Once the outer race 32 is clamped in a fixed position relative to the fixed axis A, the next step is engaging the pressure plate 74 with a rotating member 86 to rotate the rotating member 86 about a floating axis B. More specifically, a resilient pad 68 is sandwiched between the pressure plate 74 and the rotating member 86 in a plane perpendicular to the rotation axis B and urging the rotating member 86 against the pressure plate 74 to compress the resilient pad 68 between the rotating member 86 and the pressure plate 74. Accordingly, the rotation member 86 rotates about the axis B which is floating, i.e., not fixed, to allow some relative radial movement between the outer race 32 and the hub 14 or brake disc. The resilient pad 68 allows relative radial movement between the rotation member 86 and the pressure plate 74 as the rotation member 86 is urged or forced axially into engagement with the resilient pad 68.
The final step is the machining of the braking surfaces 30 of the rotor 28 while rotating the hub 14 and brake disc relative to the outer race 32. This machining is accomplished with cutting inserts 92 which are supported on shafts 94 on opposite sides 30 of the disc rotor 28.
Subsequently, the post 72 is removed and the assembly is installed onto the knuckle as shown in FIG. 5.
The invention has been described in an illustrative manner, and it is to be understood that the terminology which has been used is intended to be in the nature of words of description rather than of limitation.
Obviously, many modifications and variations of the present invention are possible in light of the above teachings. It is, therefore, to be understood that within the scope of the appended claims, wherein reference numerals are merely for convenience and are not to be in any way limiting, the invention may be practiced otherwise than as specifically described.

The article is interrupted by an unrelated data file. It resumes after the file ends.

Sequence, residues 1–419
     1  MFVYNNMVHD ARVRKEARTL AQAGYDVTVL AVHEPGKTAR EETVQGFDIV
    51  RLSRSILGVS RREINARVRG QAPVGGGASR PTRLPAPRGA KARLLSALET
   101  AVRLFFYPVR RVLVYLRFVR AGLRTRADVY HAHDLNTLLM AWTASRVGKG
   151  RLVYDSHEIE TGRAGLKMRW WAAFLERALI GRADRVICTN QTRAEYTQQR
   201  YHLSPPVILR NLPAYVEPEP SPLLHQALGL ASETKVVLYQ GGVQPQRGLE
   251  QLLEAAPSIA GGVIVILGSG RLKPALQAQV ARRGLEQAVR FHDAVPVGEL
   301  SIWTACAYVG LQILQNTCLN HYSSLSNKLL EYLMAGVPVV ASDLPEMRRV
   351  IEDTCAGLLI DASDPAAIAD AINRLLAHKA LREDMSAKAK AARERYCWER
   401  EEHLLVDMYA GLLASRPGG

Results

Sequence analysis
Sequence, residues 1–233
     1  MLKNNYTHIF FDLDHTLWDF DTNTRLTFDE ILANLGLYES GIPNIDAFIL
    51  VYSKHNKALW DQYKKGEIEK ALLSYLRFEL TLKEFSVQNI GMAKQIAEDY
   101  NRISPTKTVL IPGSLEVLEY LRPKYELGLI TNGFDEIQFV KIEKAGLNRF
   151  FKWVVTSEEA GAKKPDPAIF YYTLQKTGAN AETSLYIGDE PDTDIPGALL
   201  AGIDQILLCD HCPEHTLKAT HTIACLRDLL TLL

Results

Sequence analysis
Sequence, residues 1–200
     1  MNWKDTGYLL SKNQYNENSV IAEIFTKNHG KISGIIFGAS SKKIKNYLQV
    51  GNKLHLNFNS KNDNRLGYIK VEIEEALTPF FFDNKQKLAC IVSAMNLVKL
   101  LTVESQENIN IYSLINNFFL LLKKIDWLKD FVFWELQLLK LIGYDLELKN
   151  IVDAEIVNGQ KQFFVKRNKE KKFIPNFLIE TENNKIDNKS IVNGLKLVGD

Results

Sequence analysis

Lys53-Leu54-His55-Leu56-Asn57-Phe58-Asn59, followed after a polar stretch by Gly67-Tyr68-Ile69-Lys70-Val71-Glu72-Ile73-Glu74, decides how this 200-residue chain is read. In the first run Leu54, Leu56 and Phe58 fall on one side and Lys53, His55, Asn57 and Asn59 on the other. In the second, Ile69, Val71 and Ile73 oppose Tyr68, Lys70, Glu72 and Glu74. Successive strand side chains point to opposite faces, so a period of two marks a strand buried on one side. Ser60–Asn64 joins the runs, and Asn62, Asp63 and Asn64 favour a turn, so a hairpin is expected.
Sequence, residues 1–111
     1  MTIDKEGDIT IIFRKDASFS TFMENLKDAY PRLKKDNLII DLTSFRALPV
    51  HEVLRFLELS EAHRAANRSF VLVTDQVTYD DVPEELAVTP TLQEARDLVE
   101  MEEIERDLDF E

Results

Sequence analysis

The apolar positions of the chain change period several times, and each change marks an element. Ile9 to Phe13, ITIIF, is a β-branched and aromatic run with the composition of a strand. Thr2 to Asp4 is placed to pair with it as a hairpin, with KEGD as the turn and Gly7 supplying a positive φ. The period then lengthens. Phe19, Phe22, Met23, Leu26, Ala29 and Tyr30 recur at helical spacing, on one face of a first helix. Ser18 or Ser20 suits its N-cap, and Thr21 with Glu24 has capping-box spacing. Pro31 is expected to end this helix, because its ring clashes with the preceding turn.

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|U.S. Classification||188/218.0XL, 451/63, 29/434|
|International Classification||B23B5/04, F16D65/12|
|Cooperative Classification||Y10T29/4984, F16D2065/1392, B23B5/04, F16D2065/1384, F16D65/12, F16D2065/1308, B23B2235/045|
|European Classification||F16D65/12, B23B5/04|
|Oct 27, 1997||AS||Assignment|
Owner name: VARGA BRAKES, INC., MICHIGAN
Free format text: ASSIGNMENT OF ASSIGNORS INTEREST;ASSIGNORS:AUSTIN, VINCE;KOCHAN, GLENN;REEL/FRAME:008787/0211;SIGNING DATES FROM 19970603 TO 19971013
|Sep 24, 2002||FPAY||Fee payment|
Year of fee payment: 4
|Apr 28, 2003||AS||Assignment|
Owner name: JPMORGAN CHASE BANK, NEW YORK
Free format text: THE US GUARANTEE AND COLLATERAL AGREEMENT;ASSIGNOR:KELSEY-HAYES COMPANY;REEL/FRAME:014022/0236
Effective date: 20030228
|Mar 31, 2005||AS||Assignment|
Owner name: JPMORGAN CHASE BANK, N.A., NEW YORK
Free format text: SECURITY INTEREST;ASSIGNORS:KELSEY-HAYES COMPANY;TRW AUTOMOTIVE U.S. LLC;TRW VEHICLE SAFETY SYSTEMSINC.;REEL/FRAME:015991/0001
Effective date: 20050124
Owner name: JPMORGAN CHASE BANK, N.A.,NEW YORK
Free format text: SECURITY INTEREST;ASSIGNORS:KELSEY-HAYES COMPANY;TRW AUTOMOTIVE U.S. LLC;TRW VEHICLE SAFETY SYSTEMSINC.;REEL/FRAME:015991/0001
Effective date: 20050124
|Sep 26, 2006||FPAY||Fee payment|
Year of fee payment: 8
|Dec 6, 2010||REMI||Maintenance fee reminder mailed|
|May 4, 2011||LAPS||Lapse for failure to pay maintenance fees|
|Jun 21, 2011||FP||Expired due to failure to pay maintenance fee|
Effective date: 20110504